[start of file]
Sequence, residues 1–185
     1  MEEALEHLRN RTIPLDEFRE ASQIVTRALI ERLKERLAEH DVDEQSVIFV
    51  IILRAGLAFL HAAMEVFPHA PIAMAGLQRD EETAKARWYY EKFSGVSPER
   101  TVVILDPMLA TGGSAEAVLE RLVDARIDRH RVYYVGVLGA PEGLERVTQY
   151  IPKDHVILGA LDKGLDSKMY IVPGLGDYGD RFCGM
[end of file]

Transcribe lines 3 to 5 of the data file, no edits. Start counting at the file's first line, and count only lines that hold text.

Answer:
    51  IILRAGLAFL HAAMEVFPHA PIAMAGLQRD EETAKARWYY EKFSGVSPER
   101  TVVILDPMLA TGGSAEAVLE RLVDARIDRH RVYYVGVLGA PEGLERVTQY
   151  IPKDHVILGA LDKGLDSKMY IVPGLGDYGD RFCGM